Eye For Film >> Movies >> All That She Wants (2008) Film Review
All That She Wants
Reviewed by: Amber Wilkinson
Despite the fact its Anglicised title makes All That She Wants sound like the latest Matthew McConnaughey vehicle, with its long, slow takes, static atmosphere, slight narrative and black and white palette, Denis Cote’s film is a million miles from the multiplex.
Centring on the sort of backwater provincial town usually seen in the American arthouse, this is less the individual story of the trials of its central protagonist Coralie (Eve Duranceau), than a more general examination of isolation, both physical and spiritual.
Coralie is just about as alone as it is possible to be. Her mother has been sent to a mental institute – Coralie is not sure where – and she lives with Jacob (Normand Levesque), who is possibly her father, although nothing here is certain, save for the fact that the pair of them are allowed to scratch by purely on the indulgence of the gangster and his cohorts who live next door. As characters – an ex-con in love with Coralie, a pair of Russian prostitutes – come and go, Cote asks us to examine their futile boredom from which, it seems, at least initially, there is no respite, while at the same time exploring the notion of women in peril.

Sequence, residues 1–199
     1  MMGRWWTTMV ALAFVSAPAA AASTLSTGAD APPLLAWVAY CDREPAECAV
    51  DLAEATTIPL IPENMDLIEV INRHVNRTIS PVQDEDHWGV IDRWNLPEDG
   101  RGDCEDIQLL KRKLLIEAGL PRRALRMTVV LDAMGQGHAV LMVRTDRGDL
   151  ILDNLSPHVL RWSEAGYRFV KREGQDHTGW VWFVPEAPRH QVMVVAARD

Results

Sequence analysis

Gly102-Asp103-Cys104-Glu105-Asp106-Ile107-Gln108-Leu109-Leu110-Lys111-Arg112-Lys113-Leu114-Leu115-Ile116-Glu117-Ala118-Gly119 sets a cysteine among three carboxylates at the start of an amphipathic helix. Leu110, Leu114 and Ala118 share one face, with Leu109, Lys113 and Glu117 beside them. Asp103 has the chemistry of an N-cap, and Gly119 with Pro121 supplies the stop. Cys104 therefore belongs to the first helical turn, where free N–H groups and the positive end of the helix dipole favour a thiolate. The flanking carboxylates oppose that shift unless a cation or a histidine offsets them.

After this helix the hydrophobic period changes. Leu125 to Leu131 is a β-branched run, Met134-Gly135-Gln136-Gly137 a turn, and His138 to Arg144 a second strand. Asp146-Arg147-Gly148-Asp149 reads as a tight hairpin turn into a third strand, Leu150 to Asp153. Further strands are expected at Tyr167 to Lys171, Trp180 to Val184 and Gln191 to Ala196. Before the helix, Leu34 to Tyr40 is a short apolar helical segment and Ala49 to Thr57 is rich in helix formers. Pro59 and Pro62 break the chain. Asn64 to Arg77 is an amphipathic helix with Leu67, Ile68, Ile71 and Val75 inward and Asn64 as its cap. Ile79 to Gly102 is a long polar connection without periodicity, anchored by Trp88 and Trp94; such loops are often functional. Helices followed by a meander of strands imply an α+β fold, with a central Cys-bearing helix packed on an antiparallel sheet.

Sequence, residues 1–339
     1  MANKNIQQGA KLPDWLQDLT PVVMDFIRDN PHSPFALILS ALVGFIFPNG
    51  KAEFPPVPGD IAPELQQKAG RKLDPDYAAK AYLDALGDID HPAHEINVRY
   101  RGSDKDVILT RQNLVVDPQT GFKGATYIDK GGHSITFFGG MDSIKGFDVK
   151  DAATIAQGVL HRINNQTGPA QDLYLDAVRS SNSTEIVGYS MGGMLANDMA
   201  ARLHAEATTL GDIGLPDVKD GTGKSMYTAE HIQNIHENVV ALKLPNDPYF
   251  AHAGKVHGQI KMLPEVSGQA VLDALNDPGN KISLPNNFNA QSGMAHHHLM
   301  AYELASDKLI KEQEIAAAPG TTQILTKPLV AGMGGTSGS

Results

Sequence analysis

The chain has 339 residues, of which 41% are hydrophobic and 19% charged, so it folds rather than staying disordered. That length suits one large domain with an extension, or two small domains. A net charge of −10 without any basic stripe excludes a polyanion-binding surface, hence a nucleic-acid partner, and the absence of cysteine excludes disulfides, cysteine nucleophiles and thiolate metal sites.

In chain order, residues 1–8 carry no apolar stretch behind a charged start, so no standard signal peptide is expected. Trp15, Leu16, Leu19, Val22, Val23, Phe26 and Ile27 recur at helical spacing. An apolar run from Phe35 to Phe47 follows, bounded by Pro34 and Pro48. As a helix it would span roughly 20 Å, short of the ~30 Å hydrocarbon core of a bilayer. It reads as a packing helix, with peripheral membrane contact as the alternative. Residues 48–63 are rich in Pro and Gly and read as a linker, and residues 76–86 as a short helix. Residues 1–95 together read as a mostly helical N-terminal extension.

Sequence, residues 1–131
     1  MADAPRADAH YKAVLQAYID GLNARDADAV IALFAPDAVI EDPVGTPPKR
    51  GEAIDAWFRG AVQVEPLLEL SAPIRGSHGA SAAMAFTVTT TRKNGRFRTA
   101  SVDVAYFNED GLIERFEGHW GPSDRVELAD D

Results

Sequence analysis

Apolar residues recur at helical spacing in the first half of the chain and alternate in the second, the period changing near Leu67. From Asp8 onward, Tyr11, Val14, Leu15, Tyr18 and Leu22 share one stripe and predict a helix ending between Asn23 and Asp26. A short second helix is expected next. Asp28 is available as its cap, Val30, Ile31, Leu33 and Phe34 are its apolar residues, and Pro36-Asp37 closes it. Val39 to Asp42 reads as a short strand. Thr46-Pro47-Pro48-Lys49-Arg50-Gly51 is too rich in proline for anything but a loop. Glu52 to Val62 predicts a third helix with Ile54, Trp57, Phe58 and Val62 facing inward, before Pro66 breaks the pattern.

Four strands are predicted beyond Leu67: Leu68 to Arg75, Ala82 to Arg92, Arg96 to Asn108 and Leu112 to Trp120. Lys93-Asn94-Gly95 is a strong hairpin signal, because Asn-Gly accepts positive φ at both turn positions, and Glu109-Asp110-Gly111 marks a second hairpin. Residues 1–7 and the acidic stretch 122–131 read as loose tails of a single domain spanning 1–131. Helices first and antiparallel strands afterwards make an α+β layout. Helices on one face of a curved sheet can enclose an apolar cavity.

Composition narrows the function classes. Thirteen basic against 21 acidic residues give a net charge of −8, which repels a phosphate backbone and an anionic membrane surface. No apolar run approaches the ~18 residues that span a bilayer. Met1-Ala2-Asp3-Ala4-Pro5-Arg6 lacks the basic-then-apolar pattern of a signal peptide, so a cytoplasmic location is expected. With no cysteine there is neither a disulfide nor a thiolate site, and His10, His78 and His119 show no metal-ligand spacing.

The black and white film perfectly evokes the sense of a place caught in aspic, while the use of ambient noise, rather than a soundtrack – except for the credits – adds to the air of disconnection with the outside world.
Cote’s framing is exquisite. From doorways right down to the leaves on a corn plant his scene composition is breathtakingly good, and he puts every inch of depth and width of each frame to good use.
Those looking for clear narrative plot points will find themselves frustrated by the shards of story poking up through the hauntingly realised images – this is wilfully arthouse, demanding that the viewer find their own direction with only the vaguest of story maps. But if you’re prepared to go with the vibe of quiet menace mixed with bone dry humour and a sense of melancholy that pervades, you will find as much pleasure in the texture of this film as the overall look.Reviewed on: 11 Jun 2009